Visit to Quebec, solidarity economy and community projects (II)

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Last May part of the femProcomuns team visited Quebec (Canada) to give some talks and workshops on the Commons Sustainability Model, to learn about Community and solidarity economy experiences and projects and also to participate in the The Great Transition. With this new blog entry, we’re complementing a previous text about this visit.


The Great Transition

For three days and for the third time,the headquarters of Concordia University, in the neighborhood of the same name in Montreal, hosted “The Great Transition“, organised by a collective of academics and activists who are part of the international network Historical materialism. The aim of this biannual meeting is to move from resistance to the transformation of society in order to get out of capitalism and to bring together critical knowledge that is produced, both in the academic sphere and in social movements, inviting people from different backgrounds and trends who share these goals.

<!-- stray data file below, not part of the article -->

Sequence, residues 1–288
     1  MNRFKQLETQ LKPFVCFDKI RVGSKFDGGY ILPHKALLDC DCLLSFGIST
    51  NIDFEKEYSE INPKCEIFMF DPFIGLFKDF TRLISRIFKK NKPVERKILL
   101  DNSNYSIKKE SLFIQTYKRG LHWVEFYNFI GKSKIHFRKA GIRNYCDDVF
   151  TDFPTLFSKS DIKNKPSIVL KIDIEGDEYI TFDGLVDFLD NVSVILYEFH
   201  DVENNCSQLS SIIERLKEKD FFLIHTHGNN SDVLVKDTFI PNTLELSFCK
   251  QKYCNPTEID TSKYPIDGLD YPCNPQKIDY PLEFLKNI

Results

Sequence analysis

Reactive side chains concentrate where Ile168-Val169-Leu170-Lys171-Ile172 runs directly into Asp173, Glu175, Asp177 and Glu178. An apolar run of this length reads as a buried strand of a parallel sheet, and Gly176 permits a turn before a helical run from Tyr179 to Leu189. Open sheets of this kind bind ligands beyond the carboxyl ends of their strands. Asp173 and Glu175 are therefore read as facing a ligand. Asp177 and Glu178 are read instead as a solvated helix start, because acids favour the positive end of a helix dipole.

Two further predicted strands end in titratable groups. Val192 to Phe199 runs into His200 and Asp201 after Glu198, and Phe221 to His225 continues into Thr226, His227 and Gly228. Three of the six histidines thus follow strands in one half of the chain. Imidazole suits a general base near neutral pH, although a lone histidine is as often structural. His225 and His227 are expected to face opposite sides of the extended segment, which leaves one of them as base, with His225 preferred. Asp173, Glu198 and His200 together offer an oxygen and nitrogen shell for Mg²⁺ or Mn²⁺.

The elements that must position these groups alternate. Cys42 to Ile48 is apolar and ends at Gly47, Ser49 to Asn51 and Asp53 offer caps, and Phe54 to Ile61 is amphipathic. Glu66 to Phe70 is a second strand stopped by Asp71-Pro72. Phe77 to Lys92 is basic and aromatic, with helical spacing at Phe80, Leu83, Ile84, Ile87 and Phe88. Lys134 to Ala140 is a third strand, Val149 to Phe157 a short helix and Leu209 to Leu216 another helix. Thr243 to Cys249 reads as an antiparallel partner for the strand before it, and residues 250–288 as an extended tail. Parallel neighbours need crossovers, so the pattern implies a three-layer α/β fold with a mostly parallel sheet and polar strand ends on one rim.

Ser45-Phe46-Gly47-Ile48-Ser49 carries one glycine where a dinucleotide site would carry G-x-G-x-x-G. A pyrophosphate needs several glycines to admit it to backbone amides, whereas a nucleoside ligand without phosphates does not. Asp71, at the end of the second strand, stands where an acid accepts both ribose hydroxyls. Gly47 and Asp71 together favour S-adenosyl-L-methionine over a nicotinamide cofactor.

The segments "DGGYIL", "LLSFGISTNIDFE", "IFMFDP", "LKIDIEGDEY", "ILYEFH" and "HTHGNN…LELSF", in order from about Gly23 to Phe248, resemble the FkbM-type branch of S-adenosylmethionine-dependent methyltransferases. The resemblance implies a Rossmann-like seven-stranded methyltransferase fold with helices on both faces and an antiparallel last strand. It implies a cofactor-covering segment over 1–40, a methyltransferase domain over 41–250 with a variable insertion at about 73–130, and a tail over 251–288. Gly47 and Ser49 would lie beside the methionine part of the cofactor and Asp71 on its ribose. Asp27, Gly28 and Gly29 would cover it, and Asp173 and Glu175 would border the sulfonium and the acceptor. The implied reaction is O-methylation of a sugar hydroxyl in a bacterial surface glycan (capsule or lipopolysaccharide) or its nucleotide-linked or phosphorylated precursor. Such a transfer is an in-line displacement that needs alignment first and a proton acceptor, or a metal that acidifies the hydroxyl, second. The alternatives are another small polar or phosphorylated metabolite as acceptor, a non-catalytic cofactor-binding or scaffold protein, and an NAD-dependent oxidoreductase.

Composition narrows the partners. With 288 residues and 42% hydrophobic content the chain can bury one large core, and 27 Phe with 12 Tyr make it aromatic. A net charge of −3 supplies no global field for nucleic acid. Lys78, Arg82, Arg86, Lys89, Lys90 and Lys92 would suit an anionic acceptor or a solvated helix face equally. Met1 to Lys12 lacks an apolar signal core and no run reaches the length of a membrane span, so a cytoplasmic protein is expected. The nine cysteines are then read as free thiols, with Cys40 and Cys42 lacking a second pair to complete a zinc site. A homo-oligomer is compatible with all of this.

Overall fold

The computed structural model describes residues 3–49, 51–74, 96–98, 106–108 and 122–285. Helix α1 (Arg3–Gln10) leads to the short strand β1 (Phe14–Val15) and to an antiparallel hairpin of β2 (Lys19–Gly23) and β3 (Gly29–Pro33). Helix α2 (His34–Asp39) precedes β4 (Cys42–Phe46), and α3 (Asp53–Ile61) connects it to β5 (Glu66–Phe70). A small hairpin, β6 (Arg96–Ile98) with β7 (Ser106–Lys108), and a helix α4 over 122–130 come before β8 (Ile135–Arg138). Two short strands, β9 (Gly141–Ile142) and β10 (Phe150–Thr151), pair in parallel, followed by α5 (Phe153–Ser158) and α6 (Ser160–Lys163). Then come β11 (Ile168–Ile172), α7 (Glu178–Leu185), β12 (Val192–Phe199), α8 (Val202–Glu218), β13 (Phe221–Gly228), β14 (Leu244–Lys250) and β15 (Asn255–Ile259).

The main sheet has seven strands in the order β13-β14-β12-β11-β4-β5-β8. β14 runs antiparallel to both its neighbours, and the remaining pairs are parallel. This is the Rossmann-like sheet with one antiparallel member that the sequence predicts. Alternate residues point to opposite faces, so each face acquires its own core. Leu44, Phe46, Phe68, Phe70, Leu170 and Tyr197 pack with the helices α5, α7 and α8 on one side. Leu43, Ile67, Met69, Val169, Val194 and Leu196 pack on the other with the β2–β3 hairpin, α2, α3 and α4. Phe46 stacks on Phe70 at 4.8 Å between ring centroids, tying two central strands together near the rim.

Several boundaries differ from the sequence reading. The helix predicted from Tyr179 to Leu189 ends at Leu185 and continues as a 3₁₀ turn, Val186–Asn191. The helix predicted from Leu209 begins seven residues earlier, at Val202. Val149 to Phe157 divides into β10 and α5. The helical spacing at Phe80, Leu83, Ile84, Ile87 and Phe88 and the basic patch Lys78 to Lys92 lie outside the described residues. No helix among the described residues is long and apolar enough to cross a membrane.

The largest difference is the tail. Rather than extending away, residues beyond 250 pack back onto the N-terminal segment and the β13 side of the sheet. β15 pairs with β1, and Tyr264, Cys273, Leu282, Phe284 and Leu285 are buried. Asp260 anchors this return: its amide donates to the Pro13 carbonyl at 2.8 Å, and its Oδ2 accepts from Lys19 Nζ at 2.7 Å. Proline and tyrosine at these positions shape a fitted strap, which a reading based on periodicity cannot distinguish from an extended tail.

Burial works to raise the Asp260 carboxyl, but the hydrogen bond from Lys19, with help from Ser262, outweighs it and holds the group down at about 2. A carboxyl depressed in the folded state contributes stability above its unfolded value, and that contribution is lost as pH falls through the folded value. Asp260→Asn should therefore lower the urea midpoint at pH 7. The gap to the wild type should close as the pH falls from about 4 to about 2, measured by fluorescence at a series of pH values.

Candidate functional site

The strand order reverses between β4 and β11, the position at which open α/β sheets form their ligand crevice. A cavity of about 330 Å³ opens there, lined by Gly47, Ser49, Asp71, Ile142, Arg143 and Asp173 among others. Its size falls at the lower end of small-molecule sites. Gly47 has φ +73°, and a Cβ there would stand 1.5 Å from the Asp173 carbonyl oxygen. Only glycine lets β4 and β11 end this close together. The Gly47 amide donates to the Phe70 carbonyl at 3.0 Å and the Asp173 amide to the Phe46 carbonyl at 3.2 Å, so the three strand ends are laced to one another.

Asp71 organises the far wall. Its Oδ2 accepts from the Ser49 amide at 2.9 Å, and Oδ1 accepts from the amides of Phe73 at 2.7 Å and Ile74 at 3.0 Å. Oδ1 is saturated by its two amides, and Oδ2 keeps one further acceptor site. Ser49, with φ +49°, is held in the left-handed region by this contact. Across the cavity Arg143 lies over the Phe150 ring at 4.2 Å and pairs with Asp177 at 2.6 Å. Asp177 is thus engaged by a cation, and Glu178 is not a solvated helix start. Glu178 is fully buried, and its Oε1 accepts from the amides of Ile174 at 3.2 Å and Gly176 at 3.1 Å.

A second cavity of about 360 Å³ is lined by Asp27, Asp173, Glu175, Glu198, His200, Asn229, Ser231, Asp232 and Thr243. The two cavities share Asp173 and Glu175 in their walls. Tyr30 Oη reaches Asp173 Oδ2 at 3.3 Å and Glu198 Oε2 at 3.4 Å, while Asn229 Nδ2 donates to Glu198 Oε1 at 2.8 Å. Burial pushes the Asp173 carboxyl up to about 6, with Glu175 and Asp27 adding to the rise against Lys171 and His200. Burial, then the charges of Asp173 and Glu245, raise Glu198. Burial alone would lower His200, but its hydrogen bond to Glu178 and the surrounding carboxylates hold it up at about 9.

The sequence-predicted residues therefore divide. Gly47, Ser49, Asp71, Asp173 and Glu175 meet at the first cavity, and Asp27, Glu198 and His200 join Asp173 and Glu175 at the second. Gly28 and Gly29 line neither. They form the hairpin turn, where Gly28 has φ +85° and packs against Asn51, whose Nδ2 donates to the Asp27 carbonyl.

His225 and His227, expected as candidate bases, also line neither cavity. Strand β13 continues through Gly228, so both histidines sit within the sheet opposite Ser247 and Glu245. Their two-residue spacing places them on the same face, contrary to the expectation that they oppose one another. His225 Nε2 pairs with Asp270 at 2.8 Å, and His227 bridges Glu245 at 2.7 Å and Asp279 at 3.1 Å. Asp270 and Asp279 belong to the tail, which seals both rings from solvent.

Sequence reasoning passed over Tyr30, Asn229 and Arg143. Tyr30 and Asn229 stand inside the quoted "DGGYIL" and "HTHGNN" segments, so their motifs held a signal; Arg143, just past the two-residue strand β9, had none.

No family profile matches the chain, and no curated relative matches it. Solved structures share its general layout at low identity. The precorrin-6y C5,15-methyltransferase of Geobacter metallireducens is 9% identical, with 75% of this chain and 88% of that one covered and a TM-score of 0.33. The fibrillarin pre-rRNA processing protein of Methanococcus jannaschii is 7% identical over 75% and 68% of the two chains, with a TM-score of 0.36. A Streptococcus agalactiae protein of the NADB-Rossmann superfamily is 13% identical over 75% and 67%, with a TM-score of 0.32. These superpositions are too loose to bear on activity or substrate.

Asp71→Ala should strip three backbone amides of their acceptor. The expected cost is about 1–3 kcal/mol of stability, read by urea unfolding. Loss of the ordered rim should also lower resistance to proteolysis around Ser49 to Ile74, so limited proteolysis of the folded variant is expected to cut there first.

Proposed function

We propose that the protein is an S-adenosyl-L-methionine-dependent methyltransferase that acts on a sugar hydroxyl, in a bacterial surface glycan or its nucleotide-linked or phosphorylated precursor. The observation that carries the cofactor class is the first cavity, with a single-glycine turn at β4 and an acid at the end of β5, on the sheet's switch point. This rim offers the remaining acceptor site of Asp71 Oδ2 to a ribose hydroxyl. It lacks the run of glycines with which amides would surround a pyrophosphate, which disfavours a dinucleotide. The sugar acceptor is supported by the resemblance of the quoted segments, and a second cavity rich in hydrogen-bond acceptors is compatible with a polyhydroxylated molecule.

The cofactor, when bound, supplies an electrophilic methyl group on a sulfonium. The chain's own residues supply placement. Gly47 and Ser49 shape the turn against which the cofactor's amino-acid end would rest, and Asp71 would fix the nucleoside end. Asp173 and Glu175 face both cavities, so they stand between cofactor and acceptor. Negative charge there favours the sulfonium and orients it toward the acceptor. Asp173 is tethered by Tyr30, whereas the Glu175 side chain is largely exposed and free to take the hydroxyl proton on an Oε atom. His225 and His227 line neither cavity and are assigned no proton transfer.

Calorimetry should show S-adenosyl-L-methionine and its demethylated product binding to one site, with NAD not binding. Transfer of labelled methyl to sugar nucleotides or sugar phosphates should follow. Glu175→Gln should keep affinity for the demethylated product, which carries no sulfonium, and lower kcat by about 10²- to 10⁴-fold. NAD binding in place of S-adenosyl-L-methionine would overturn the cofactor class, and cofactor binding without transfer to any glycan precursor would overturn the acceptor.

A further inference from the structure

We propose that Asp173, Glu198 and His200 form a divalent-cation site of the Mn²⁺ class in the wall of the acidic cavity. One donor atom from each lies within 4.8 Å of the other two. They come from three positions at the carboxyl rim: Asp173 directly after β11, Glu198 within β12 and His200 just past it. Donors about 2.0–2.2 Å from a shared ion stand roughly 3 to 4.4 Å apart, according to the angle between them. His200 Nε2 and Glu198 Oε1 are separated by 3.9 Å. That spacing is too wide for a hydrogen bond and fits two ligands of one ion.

With the subtitle “struggle in times of global crisis”, more than 900 participants and panelists from Quebec and all over the world met from 18 to 21 May to discuss the socio-ecological crises of the 21st century, whether they are the direct result of unbridled growth and capital accumulation, and what possible solutions might be, wheter the degrowth movement is enough, and wether other structural and systemic changes are needed. Struggles, initiatives, actions, tactics of resistance and transformation, socio-political organising, ecological stewardship, placemaking, conservation -some of which have worked better than others- were presented. And above all, strategies were discussed to strengthen existing struggles, create links and solidarity between them, and how to build alternative models of organising the economy.